Adverse Drug Events | Multi-Center Medication Reconciliation Quality Improvement Study
Adverse Drug Events research study
What is the primary objective of this study?
Patients often have problems after they leave the hospital, in part because errors are made in the medications they are prescribed. The goal of this project is to develop a more accurate and safe medication prescription process when patients enter and leave the hospital and implement this process at six U.S. hospitals. The investigators will measure the success of the project and develop lessons learned so this process can be applied to other hospitals.
Who is eligible to participate?
Inclusion Criteria: - Age 18 and over - Admitted to inpatient medical or surgical services Exclusion Criteria: - Vulnerable populations (pregnant women, prisoners, institutionalized individuals) - Under 18 years Hospital staff subjects: - Personnel directly involved in the medication reconciliation process, which depending on the site might include residents, physician assistants, inpatient attending physicians, nurses, pharmacists, and pharmacy technicians.
Which medical condition, disease, disorder, syndrome, illness, or injury is researched?
Adverse Drug Events
Medication Administered in Error
Interventions can include giving participants drugs, medical devices, procedures, vaccines, and other products that are either investigational or already available or noninvasive approaches such as surveys, education, and interviews.
Other:Mentored medication reconciliation quality improvementBased on expert recommendations from a recent conference on medication reconciliation sponsored by the Society of Hospital Medicine and funded by AHRQ, investigators will engage a steering committee and conduct a second conference to operationalize these recommendations into a set of "best practice" guidelines, standards, and tools to be adapted by each of 6 participating sites. After training mentors and developing data collection tools, a mentored quality improvement project will be conducted for 21 months, in which each site works to improve medication reconciliation using the toolkit and with mentorship in the form of two site visits and monthly phone calls.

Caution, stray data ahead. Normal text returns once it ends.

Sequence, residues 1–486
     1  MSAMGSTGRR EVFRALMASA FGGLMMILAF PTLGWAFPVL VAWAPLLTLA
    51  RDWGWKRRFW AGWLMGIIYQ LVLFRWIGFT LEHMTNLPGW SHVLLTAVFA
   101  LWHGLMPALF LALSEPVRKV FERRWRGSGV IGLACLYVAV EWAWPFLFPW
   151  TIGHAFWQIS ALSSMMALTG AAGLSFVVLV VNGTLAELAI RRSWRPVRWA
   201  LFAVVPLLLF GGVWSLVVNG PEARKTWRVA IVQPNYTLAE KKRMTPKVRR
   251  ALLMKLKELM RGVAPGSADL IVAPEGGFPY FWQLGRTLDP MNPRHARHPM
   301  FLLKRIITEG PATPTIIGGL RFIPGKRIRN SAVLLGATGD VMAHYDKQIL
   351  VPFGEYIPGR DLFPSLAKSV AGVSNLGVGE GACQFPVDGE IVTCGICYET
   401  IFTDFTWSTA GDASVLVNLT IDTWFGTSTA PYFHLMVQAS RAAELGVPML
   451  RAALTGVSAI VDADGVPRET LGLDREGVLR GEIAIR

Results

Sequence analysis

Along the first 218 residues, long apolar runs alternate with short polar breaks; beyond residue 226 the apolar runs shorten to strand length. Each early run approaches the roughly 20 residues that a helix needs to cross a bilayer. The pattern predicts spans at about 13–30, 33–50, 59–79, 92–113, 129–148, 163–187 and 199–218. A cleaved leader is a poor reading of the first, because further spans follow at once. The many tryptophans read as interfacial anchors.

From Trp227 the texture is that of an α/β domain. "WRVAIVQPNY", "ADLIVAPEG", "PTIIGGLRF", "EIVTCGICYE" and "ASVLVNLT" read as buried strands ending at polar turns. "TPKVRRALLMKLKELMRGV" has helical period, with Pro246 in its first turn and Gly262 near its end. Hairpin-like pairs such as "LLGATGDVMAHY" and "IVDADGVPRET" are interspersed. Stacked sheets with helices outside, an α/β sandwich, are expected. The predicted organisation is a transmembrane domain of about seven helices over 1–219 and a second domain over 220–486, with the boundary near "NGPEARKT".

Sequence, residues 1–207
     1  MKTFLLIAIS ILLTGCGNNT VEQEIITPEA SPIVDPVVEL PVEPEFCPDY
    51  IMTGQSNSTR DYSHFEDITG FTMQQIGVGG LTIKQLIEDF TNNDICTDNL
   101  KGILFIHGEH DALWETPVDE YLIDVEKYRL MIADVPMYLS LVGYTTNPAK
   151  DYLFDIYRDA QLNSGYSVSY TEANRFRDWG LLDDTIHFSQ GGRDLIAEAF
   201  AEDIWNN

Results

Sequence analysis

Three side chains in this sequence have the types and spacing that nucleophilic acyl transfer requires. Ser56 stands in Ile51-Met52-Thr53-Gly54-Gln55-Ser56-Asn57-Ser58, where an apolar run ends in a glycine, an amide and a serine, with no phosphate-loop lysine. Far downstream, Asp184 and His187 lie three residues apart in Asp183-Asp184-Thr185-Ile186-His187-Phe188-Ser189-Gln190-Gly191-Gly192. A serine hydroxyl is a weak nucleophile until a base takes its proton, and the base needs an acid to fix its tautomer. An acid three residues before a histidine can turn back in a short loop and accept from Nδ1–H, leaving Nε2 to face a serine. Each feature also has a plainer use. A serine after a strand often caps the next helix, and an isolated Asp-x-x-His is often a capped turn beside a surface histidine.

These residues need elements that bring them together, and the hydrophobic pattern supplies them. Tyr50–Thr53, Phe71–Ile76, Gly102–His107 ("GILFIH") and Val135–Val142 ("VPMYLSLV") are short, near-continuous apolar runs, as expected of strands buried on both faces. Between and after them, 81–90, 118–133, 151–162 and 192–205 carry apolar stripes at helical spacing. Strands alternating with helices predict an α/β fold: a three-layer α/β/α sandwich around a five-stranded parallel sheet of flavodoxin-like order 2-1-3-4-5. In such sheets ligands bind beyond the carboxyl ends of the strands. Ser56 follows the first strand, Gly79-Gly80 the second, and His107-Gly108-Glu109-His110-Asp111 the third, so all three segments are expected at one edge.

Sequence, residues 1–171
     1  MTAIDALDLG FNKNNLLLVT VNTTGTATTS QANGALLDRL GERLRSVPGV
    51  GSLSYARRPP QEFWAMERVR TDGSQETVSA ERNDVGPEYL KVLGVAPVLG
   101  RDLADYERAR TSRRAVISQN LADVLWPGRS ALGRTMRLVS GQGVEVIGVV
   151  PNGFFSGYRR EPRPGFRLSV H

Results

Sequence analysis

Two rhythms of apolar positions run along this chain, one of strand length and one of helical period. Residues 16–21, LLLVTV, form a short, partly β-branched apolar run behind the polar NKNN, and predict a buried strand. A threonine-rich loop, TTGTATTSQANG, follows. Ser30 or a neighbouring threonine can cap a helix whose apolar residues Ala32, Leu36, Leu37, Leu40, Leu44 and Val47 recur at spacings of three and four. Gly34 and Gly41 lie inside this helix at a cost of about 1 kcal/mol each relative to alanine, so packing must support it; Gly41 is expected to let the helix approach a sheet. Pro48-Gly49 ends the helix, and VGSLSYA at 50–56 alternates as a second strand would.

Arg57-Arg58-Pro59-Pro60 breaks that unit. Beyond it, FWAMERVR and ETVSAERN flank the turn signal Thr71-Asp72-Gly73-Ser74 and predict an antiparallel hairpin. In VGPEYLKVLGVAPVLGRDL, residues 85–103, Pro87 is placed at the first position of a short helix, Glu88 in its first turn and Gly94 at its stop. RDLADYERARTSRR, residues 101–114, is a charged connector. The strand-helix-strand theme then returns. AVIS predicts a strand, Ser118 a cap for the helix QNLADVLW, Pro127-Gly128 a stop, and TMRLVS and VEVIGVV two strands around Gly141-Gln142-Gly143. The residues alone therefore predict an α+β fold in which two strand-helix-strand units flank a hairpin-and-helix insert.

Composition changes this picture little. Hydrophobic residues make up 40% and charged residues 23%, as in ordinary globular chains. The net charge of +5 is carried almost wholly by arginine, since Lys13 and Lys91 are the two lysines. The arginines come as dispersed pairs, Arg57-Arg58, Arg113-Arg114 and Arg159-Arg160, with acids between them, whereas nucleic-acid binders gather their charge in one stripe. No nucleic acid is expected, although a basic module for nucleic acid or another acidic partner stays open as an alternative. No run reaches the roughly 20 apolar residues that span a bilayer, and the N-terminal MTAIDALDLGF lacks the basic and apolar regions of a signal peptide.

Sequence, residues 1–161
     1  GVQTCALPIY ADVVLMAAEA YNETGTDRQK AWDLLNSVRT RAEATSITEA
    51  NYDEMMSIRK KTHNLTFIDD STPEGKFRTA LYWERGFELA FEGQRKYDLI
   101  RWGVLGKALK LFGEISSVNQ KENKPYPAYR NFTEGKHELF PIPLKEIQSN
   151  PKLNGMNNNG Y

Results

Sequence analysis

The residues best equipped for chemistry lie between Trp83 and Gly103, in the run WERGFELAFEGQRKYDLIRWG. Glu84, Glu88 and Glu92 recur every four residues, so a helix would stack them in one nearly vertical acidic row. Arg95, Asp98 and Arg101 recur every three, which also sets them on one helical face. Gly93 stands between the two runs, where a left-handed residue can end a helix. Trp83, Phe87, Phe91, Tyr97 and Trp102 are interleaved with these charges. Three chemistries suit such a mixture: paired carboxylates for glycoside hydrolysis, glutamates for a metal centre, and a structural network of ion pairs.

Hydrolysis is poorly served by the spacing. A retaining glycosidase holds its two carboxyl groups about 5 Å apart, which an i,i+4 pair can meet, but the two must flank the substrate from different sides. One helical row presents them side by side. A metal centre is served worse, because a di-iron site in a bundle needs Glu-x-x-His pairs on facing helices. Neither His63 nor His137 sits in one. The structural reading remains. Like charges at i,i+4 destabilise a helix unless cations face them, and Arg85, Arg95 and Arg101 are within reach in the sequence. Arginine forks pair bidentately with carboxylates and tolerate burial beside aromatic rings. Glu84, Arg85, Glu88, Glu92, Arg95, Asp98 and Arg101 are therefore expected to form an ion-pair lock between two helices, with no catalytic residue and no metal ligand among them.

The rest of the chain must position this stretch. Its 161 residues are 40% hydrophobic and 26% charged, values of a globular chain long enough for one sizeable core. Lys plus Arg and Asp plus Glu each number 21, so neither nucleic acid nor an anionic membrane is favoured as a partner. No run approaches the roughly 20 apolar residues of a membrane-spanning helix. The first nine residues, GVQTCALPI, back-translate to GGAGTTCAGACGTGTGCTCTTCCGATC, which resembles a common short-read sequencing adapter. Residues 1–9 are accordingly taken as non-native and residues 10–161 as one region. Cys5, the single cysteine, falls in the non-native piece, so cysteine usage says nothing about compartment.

Research studies and clinical trials typically have two or more research arms. An arm is a group of people who receive the same treatment in the study.
Pre-interventionUsual care regarding medication reconciliation as currently practiced at each participating site.
InterventionImproved medication reconciliation process using continuous quality improvement methods, mentored implementation, and an implementation guide.
Start Date: March 2011
Completed Date: September 2014
Primary Outcome: The primary outcome will be unintentional medication discrepancies in admission orders and discharge orders with potential for patient harm
Secondary Outcome: Patient satisfaction
Study sponsors, principal investigator, and references
Principal Investigator: Jeffrey L Schnipper, MD, MPH
Lead Sponsor: Brigham and Women's Hospital
Collaborator: Society of Hospital Medicine
Coleman EA, Smith JD, Raha D, Min SJ. Posthospital medication discrepancies: prevalence and contributing factors. Arch Intern Med. 2005 Sep 12;165(16):1842-7.